Spider-Man is the same video game we’ve been playing for a decade


I’m playing Spider-Man on the PlayStation 4. A lot of thoughts are swirling round my head. Most of these thoughts are pretty normal.

“Wow what a beautifully crafted, extremely good-looking video game.”

That’s thought number one.

Thought number two: “Man they really nailed the whole ‘swinging through the city like Spider-Man thing’.”

That’s crucial. You suspect that was a priority for Insomniac, the game’s developers. A game about being Spider-Man would probably struggle if they made a meal of the web-slinging.

Thought number three: “Boy oh boy does this video game feel familiar.”

Extremely familiar.

In fact, outside a few key details, Spider-Man feels alarmingly familiar to a number of video games you’ve been playing for the last 10 years.

For the players

Over the last few years Sony has done an incredible job of releasing must play, high profile exclusives for the PlayStation 4.

These exclusives have made the PlayStation 4 the “must-own” console of its generation. There’s little competition here. The Nintendo Switch is a wonderfully new thing — a catch-all handheld that travels well — but if you’re sitting in front of your large 4K television looking for a high-end, big-budget video game experiences, your best bet is a PlayStation 4.

Horizon: Zero Dawn, God of War and now Spider-Man. These games are all published by Sony, available exclusively on the PlayStation 4. But that’s not all they have in common.

What else do they have in common?

Practically everything.

Open world structure. Check.

Level-up systems, more suited to traditional RPGs, but shoehorned into an open world action game. Check.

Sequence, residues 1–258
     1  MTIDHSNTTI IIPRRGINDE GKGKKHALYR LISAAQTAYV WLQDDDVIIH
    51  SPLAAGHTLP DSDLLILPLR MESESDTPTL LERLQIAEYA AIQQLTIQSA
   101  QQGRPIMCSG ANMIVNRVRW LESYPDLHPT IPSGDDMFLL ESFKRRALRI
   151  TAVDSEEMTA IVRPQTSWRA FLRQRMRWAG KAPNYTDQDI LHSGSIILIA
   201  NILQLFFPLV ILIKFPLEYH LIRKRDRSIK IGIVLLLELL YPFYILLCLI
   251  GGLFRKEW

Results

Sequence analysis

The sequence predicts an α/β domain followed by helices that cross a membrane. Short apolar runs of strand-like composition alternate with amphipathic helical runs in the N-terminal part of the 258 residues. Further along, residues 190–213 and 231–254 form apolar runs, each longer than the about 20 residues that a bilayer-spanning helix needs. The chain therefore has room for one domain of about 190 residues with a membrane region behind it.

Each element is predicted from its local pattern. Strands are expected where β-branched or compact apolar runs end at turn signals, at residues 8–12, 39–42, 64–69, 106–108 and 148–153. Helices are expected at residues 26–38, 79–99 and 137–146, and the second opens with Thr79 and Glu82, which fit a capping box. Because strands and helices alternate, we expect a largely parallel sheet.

Skill trees, which allow players to unlock core abilities after accumulating experience points for missions instead of just giving you access from the beginning. Check.


Sony Interactive Entertainment LLC

Crafting, the ability to upgrade armour and provide (often imperceivable) advantages during  gameplay. Check.

Spider-Man is very much a Sony video game.

And then there’s the ideas Spider-Man borrows from non-Sony published titles.

Assassin’s Creed towers, which unlock maps and side-missions, providing a whole new set of mini-map icons to chase after. Timing-based combat, clearly borrowed from the Batman: Arkham Asylum series. The trailing missions from The Witcher 3.

Spider-Man is a game that effectively cobbles everything that we’ve come to expect from big budget video games and distils it into one single, homogenised entity.

Video Game: The Video Game.

Spider-Man intuitively understands what players and reviewers have come to expect from Video Game: The Video Game and caters to it expertly. It’s a polished, expertly made piece of technology that literally ticks all the boxes.

But shouldn’t video games do more than just tick boxes?

The Anti-Spider-Man

Thought number four: Why can’t more games be like The Legend of Zelda: Breath of the Wild? Or as I like to call it, the Anti-Spider-Man.

After the release of Breath of the Wild in 2016, I honestly believed the age of games like Spider-Man (where you chase icons on mini-maps, and level up and unlock skill trees) would dry up and turn into dust.



Here is a video game that took everything we know about how open world games are supposed to work and rebuilt it from the ground up, to craft an experience that solved problem unique to its intentions.

Breath of the Wild was absolutely its own video game and was revolutionary for it. It asked similar questions to games like Spider-Man or Horizon: Zero Dawn, but the answers were different.

That’s how game design should work, right?

Not all games have to be like Breath of the Wild, but that’s the point. Considering the amount of money, time and resources that go into creating video games like Spider-Man, wouldn’t it make sense to spend time in preproduction crafting unique design solutions tailored specifically to the type of game you want to make?

It’s difficult, I get it. There’s a risk/reward at play. When budgets are huge and the stakes are high it makes sense to mitigate risk with design decisions you know work because you’ve seen them work in other video games.

But the end result of those choices is mediocrity, an endless suite of big budget video games that look, play and feel the same.

We’ve been trained to not only accept video game tropes uncritically but — in a strange way — celebrate them. 

I want video games to be better than that.


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